Well, there you go, another case of Government looking after ‘the taxpayer?’ Alternatively, we could trace many of these disputes back to their known source- the often feudally-thinking employer- and be clear that it was frequently the lordly behaviour of the employer who would have initiated these claims, thus costs, by not observing their employees’ rights in the first case.

    As soon as any Government starts talking about ‘looking after the tax-payer’ we can be sure that someone’s about to get shafted. Let’s hope the term ‘overhaul’ is not also to be misused.

  4. Leon Wolfeson

    “Let’s hope the term ‘overhaul’ is not also to be misused.”

    The entire point is it’s not “scrap” – it WILL thus be abused. I expect something like, at best, mandatory contingency fees so you lose a third of your award in fees, etc.

  5. Faerieson

    I’m also not overly hopeful.

  6. treborc1

    Join a Union then you can fight it for free..

  7. Bosun Higgs

    More money for lawyers, then.

  8. Leon Wolfeson

    There’s a cost to having a working legal system – one where people have rights. If companies need to lawyer up when they do things like not pay workers…

  9. Bosun Higgs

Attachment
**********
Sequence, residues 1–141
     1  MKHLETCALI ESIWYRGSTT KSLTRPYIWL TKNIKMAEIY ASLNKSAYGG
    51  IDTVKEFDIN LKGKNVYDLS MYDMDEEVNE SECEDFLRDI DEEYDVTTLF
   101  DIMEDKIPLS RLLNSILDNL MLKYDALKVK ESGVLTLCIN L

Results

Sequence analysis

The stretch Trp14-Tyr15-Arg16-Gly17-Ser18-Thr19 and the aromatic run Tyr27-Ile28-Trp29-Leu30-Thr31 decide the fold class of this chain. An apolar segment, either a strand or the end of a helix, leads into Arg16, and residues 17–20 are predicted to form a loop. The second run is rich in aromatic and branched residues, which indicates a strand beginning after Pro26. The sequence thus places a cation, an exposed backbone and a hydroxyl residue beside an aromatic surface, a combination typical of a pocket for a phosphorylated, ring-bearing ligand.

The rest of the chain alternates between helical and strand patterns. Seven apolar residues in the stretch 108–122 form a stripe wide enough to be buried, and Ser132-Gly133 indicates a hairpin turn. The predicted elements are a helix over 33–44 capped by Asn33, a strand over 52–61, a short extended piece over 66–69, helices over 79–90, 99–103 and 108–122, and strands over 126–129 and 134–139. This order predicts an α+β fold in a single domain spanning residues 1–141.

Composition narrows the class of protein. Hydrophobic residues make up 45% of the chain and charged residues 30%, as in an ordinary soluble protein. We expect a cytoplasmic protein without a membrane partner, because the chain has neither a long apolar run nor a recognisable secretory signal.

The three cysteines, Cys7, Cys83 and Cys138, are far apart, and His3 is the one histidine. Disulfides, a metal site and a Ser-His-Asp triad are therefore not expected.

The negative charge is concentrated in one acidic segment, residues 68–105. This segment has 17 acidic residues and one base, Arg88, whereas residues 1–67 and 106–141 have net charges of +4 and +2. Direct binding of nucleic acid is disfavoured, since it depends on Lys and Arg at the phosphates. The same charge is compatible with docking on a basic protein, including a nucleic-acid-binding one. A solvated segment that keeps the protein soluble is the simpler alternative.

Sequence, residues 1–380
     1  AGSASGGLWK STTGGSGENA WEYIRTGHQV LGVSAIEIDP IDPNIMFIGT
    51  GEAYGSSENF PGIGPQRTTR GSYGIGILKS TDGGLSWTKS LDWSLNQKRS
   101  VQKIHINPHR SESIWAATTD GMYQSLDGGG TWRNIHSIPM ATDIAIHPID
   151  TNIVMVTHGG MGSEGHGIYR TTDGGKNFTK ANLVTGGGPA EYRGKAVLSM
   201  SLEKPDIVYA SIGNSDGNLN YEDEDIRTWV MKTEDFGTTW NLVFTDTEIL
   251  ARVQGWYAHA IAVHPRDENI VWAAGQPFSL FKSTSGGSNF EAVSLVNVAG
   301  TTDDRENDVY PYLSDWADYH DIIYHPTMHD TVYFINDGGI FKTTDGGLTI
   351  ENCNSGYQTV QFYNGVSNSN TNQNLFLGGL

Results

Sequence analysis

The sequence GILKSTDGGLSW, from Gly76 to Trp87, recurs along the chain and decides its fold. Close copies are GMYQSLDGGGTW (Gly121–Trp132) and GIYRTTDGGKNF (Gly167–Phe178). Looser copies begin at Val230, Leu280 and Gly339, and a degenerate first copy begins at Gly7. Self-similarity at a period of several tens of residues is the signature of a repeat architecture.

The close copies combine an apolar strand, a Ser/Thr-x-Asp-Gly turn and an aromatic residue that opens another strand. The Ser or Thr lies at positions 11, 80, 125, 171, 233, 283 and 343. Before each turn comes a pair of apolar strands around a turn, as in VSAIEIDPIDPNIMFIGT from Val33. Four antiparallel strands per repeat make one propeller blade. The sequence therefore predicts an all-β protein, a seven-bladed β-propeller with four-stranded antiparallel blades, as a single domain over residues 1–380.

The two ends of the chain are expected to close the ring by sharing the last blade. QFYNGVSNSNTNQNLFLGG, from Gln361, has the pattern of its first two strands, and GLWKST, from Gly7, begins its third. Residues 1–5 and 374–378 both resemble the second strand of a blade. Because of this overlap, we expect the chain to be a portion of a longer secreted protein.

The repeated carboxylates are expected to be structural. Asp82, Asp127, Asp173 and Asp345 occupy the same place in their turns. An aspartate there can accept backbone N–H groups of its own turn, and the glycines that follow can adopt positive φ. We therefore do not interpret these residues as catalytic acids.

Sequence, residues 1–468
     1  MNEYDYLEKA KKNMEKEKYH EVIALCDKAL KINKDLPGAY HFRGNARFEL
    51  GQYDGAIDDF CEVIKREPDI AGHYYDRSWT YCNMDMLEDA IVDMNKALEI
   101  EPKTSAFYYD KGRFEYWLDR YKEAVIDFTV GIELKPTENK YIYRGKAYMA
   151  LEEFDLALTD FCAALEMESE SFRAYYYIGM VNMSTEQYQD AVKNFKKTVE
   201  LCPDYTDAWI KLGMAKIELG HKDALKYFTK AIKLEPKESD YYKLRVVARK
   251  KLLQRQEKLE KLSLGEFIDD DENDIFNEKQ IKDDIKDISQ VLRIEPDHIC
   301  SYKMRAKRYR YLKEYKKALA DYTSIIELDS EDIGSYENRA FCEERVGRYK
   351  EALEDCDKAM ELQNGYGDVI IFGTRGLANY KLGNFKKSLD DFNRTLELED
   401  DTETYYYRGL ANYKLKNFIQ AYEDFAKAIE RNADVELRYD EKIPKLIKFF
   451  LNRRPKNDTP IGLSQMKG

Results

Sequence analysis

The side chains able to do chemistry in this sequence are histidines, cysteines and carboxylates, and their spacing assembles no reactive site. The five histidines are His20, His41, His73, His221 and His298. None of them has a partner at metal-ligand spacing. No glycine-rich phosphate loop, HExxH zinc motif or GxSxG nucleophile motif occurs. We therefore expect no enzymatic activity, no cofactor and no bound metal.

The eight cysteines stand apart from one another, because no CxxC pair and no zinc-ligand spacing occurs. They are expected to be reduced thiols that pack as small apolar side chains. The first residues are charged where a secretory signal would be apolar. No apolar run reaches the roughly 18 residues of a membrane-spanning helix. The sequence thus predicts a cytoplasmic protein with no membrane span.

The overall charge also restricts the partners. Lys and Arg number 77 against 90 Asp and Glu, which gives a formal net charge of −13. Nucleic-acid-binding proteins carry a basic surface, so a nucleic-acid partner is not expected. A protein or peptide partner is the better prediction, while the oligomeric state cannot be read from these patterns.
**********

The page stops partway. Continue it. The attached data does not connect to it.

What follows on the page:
When Industrial Tribunals were invented, they were supposed to be informal, plain-language forums where the employee and employer would each put their case and an expert, or experts, would come to a reasonable decision. Many of the matters that they had to decide were based on concepts of fairness, rather than precedent or black-letter law. Then the lawyers started to mine the Tribunals for paydirt. There were no-win, no-fee contracts, the desire to launch a career by winning a really big case, and class warfare on one side; on the other, the desire to crush an employee ‘pour encourager les autres’. Lawyers became the only solution to the problems created by lawyers. Only if we could make the Tribunals lawyer-free zones, perhaps by introducing an inquisitorial rather then adversarial system, can they be made to work properly again.

  10. Leon Wolfeson

    In fact, very, very few claimants have lawyers, except in discrimination cases. It’s companies who are spending the cash.

    You can’t stop people asking a lawyer for advice on what to say in a tribunal, but even that is rare in unpaid wages cases, which are usually decided on the facts. The big payouts simply are not there in those cases.